CNN covering the Iran-USA story.
— USMNT Only (@usmntonly) November 28, 2022
FIFA President Gianni Infantino made a plea to the 32 teams here in Qatar: Keep political messages and symbols out of the World Cup.
On Sunday, U.S. Soccer confirmed that it had purposely published a tweet on the official U.S. Men’s National Team account with an Iranian flag that excluded the Islamic Republic symbol in the middle of the flag.
The Federation chose to show “support for the women in Iran fighting for basic human rights.”
The tweet has since been removed after objections from the Iranian Federation and CNN among others have reported that Iran believes the U.S. should be banned from the World Cup.
The tension between the two nations is elevated by the U.S. gesture, and the trepidation on the sporting side is the potential distraction to the American coaches and players. U.S. Men’s National Team coach Gregg Berhalter told a press gathering on Monday that neither he nor the players were alerted to the tweet. “All we can do on our behalf is apologize — on behalf of the players and the staff,” said Berhalter. “It’s not something we are part of.”
Steve Sampson also experienced significant political disruptions in 1998, the last time the U.S. and Iran met in a World Cup, when Sampson was the head coach of the U.S. men.
“It was an incredible distraction,” Sampson said on Friday to our United Soccer Coaches group in Doha. “It was the big, bad enemy. Not necessarily the people but the two regimes.”
Most notable was the Iran hostage crisis that bridged 1979-81, where 52 Americans were detained by militants for 444 days. Also, there was the attack on the American embassy in Iran, plus American support of Iraq in the Iran-Iraq war.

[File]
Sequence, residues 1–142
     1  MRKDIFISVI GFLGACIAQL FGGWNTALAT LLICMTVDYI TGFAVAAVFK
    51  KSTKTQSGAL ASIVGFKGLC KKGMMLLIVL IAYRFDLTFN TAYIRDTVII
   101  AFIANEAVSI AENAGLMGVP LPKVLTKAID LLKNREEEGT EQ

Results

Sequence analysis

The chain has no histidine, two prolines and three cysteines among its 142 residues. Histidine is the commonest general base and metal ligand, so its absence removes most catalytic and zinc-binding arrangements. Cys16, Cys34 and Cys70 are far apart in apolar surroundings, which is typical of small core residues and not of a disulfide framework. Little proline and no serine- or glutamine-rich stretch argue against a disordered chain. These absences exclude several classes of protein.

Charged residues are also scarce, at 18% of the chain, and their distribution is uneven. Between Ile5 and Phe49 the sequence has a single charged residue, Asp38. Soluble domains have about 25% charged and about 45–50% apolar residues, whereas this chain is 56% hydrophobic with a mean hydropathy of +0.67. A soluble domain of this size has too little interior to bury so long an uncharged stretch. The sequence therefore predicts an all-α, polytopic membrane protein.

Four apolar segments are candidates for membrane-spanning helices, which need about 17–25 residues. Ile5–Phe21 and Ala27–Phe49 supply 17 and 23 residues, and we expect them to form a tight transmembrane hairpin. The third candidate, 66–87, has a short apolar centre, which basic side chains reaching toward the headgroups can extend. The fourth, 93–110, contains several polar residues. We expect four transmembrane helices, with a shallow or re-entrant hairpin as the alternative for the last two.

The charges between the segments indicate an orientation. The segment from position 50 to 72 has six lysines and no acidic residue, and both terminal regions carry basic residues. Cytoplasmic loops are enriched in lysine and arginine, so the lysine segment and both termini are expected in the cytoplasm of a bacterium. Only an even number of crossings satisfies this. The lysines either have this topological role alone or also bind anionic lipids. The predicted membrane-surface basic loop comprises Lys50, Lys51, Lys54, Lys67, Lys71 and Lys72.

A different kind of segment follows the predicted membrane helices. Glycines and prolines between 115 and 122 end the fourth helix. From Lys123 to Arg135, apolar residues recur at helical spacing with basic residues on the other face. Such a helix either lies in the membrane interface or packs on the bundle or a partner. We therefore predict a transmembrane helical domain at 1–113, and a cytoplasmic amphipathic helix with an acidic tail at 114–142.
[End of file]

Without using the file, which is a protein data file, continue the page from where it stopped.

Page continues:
Closer to that World Cup clash in France, the U.S. imposed sanctions of materials used for weapons by Iran while levying an oil and trade embargo.
It was an extremely hostile relationship.
“It was a challenge to keep the players focused,” said Sampson.
The U.S. had come off a 2-0 loss to the No. 2 team in the world, Germany, and Sampson told us about some of the specific pre-match interferences.
“We had a joint picture before the game — a complete departure from FIFA protocol,” said Sampson, providing Spanish radio commentary in Doha.
The Iranian players also presented the U.S. players with white roses as a symbol of peace.
“I’ve reflected on this for years,” said Sampson. “If I had to do it all over again, I would not have allowed the exchange of roses or the joint picture.”
What Sampson learned later and shared with us on Friday was startling. With Iran ahead at the interval, 1-0, Iran coach Jalal Talebi told Sampson that every player had their passports confiscated by Iranian government officials. They were advised that if they did not win the match, they would not be allowed back in the country and their families would not be permitted to leave Iran — presumably, Iranian players would never see their families again.
However, the officials added that if they were victorious, each player would get a new home.
“All they cared about was beating us because of the politics,” said Sampson. “Looking back, I have sympathy for them. Every single one of their players were risking their lives and the lives of their family.”
Looking ahead to Tuesday’s clash, can Berhalter and the second-youngest team among the 32 squads in Qatar overcome the political rumblings off the field to perform and advance in the 22nd World Cup?
“Anything can be done on any given day against anybody,” said Sampson.
Glenn Crooks is a host on the SiriusXM FC channel and the former head coach of the Rutgers University women’s soccer team.
Don’t miss special coverage of the 2022 FIFA World Cup on SiriusXM, including the Iran/U.S. game on November 29 at 2pm ET. English-language broadcasts of all matches from the highly anticipated tournament will be provided by FOX Sports with broadcasts airing primarily on FOX Sports on SiriusXM (Ch. 83). When two matches are occurring simultaneously, one match will air on SiriusXM FC (Ch. 157).
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